Lessons from Auma Obama

Tammy Sutherns
Tammy Sutherns

By Tam Sutherns

Auma Obama – US President Barrack Obama’s half sister – is most definitely not a politician. With tiny dreadlocks and a booming voice that could engulf the whole of her home country, Kenya, she makes no apologies for being who she is.

Which is why being at her book reading at the Goethe Institute in Johannesburg a few weeks ago was such an experience. Her book, entitled ‘And Then Life Happens’, is all about her childhood, her struggles with her father, Barrack Obama Senior, and her studying years in Germany where she got a scholarship. Despite being told as a young Kenyan woman that because she was a girl, a certain path was already carved for her, she managed to get herself to Germany, receive an education and thwart a patriarchal culture. And yet it is a culture she still loves and calls home.

When you hear Auma speak, you think, “Now that’s a woman who knows what she is talking about.” It’s the same thought you can see crossing over every other enthralled-listener’s face. Passionate, bold but level headed she explains at her book launch how she had to rebel patriarchy in her culture very quietly and subtly. Children, and especially girl children, where seen and not heard in her home after all. At her book reading she explains, “I didn’t accept that answer – ‘It’s because you are a girl’. So I would politely ask why. The best we could do to rebel in our home was to sulk.”

So one can imagine it came as quite a shock to Barrack Snr when his only daughter fled Kenya without his knowledge to Germany. In fact when he came to visit her months later, she was terrified he was going to haul her back to Africa. However the book portrays the complexities of patriarchy, describing instead how Auma’s father sat on her bed in her university residence and looked incredibly sad, asking why she had not told him she had received a scholarship to study. He then goes on to tell her how proud he is of her. Auma explains, “I think it was a painful revelation for him because he realized that he had lost his little girl forever. For the first time he was forced to see me as a woman in my own right and as an adult and as an individual.”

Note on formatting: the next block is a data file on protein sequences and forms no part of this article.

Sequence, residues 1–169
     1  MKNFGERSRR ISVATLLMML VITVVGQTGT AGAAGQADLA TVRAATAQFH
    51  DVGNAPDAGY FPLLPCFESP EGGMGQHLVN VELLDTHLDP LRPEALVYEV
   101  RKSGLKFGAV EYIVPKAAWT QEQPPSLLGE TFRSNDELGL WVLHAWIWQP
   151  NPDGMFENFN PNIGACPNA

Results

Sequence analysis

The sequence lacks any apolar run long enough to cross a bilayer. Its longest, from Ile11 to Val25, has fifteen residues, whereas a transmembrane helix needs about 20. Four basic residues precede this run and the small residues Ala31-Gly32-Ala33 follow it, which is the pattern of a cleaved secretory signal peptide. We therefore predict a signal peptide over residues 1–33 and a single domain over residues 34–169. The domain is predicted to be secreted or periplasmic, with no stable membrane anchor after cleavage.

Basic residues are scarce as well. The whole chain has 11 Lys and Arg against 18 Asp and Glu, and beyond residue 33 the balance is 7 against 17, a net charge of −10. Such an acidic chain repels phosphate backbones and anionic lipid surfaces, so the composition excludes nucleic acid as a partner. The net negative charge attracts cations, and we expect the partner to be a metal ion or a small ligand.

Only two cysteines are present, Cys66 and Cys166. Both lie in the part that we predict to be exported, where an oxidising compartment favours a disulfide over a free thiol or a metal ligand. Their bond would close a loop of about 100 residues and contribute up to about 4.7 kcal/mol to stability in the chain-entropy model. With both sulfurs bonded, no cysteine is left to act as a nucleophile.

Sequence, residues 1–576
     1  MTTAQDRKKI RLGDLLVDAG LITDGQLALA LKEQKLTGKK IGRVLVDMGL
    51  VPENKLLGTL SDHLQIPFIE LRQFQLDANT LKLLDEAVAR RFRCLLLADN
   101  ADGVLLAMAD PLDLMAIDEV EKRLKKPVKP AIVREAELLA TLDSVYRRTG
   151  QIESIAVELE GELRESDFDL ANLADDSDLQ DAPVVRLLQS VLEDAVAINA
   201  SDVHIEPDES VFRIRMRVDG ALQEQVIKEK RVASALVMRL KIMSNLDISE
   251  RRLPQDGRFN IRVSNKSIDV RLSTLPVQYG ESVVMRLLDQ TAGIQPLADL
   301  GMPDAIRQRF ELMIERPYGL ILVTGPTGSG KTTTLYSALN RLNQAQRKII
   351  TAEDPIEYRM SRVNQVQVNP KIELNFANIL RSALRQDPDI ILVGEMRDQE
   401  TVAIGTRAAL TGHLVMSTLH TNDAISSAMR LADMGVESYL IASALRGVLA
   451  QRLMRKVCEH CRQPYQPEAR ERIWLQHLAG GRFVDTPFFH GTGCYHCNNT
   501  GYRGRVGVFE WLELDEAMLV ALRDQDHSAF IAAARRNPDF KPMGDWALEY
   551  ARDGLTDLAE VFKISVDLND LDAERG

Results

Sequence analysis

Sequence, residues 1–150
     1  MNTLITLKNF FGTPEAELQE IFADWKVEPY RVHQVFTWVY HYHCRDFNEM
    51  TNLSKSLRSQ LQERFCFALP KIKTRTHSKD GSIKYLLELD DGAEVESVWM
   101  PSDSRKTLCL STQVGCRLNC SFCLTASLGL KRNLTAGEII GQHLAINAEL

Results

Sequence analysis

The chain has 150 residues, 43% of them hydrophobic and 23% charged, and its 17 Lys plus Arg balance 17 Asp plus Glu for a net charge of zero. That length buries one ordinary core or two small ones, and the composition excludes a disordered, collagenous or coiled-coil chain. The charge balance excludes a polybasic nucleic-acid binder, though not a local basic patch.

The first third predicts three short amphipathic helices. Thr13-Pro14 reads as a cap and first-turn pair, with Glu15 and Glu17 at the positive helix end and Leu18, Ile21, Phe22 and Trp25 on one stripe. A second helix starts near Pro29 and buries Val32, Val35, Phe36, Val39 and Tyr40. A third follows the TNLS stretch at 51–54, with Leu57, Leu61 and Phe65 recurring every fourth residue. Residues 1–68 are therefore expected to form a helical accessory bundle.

Interestingly enough however, Auma does not call herself a feminist, asking instead, “What does being a feminist mean?” It’s hard to know exactly what she means by this but it seems to be more a question of definition, challenging the audience, than it is a refusal to categorize herself. It is as if she wants to take the concept and have it explained to her in real terms and then personified into real people. A woman who uses her influence to ensure other young African woman get a chance at education and a future as well as someone who speaks out on a number of issues worldwide, one cannot imagine not calling Auma a feminist however.

And this is what I took away from it. It’s easy for us as feminists to call on women and men to overthrow patriarchy, but what if patriarchy has your father’s face on it? It’s easy for us to fight institutions, but it’s people who make up those institutions. So what struck me about Auma Obama was how she manages to embody such a fearless woman who refuses to be a victim of her circumstances, but still manages to retain such incrediable compassion. And compassion is easy to forget when we’re fighting our daily feminist battles.


“Compassion alone stands apart from the continuous traffic between good and evil proceeding within us.” – Eric Hoffer



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